It’s been just over a week since Stephen Puryear’s 22-year-old daughter, Britny Jordan Puryear, was shot to death in her Fuquay-Varina apartment, and he finds himself in the unexpected role of advocate for domestic violence victims.
It’s not a role he wanted to take on, particularly as he mourns the death of his only daughter.
“It’s not going to bring her back,” he says.
Police say Britny Puryear was shot by her 21-year-old boyfriend Logan Connail McLean late Nov. 6. They had a son together, five-month old Andre Jordan. According to a search warrant application, McLean told police he “accidentally” shot her. He is in the Wake County jail without bail, having been charged with murder and possession of a firearm by a felon.
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But last week Stephen Puryear dug deep, speaking up at Britny’s packed funeral and a candlelight vigil at South Park, where she grew up playing rec league sports. He spoke to her friends and other women who might find themselves in a relationship with a controlling man. He said women should turn to their friends and family if they’re stuck in that kind of situation, and they should call police if they know someone who is.
“If she knew it was happening to any of her friends, she would want her death to mean something,” says Puryear, 47.
He said he doesn’t know if McLean hit his daughter, just that he seemed to isolate her from family and friends as time went on.
Britny grew up in Willow Spring, attending Willow Spring Elementary, Fuquay-Varina Middle and Fuquay-Varina High schools. She was a good student and was a member of the honor society, Puryear says.
She was a standout on the athletic field, too. She loved to play soccer growing up, and as a 10-year-old, she played on the 90 FVAA Flames with 12-year-old girls. They went undefeated two years in a row, he says proudly. He was a baseball coach, and she often was at the field during his games. At the end of her high school athletic career, she had turned to softball.
He says she was part of a fun group of friends. But after high school, he said, she fell in with a different group, and things changed.
She met McLean a few years ago through her newer friends, he said. Puryear said he didn’t have “good vibes” about McLean. In general, Puryear doesn’t like to talk about him much at all. He avoids the news on the shooting and bristles when he sees reports that his daughter had been arrested this summer for fraudulently obtaining a controlled substance, explaining that was McLean’s influence on her.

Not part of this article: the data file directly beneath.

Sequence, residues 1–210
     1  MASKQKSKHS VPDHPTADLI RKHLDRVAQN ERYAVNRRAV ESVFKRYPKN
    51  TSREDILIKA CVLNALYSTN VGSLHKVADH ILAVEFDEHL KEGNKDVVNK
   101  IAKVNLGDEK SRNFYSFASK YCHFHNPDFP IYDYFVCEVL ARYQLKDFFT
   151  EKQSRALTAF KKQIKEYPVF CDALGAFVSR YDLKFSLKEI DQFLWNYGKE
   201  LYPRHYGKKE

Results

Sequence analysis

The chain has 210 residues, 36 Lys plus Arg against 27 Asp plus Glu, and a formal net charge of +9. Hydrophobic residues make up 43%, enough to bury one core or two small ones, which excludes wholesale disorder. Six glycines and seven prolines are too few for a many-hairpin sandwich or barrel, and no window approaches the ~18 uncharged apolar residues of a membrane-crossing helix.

Instead, he wants to remember her, and he wants others to know her, as a sweet, loving friend and mother.
She worked at Jersey Mike’s in Fuquay-Varina, endearing herself to co-workers so much that the day after her death, Puryear says, a new crew of workers had to come in to allow the shop’s devastated workers to grieve.
She found her calling when she learned she was pregnant, he says. She knew she wanted to be a good mom.
“She thought she was going to have a nice little family,” he said. “She took care of him the best she could, not having much money.”
Puryear says they had called Britny’s son A.J. But he and Britny’s mom, Shelley, who have custody of the infant at the moment, have started calling him by Britny’s middle name, Jordan.
One of Britny’s friends has set up the Britny Jordan Puryear Forever Loved account at GoFundMe.com for people to contribute to her family’s funeral and legal expenses along with helping support Jordan. As of Monday, more than $4,700 had been donated.
That kind of support is helping Stephen and Shelley and their two sons as they encounter days full of tearful moments. Her former soccer team sent flowers, and players dropped by the house. More than 50 people released purple balloons with messages on them at her vigil.
“It was beautiful,” said Stephen, who works with Shelley at her family-owned Level Construction.
As Puryear struggles with what’s next, it somehow seems to make sense to him to speak out against domestic violence. On Wednesday, Nov. 19, the Wake County Domestic Violence Task Force is holding a rally and silent march at the Wake County Courthouse in response to Britny’s murder.
He thinks he might go, and if people want him to speak out more, he would consider it. His daughter put others first. She would want him to do that, too.
“God gave me strength to stand up for my daughter,” he says. “She’s an angel on my shoulder right now.”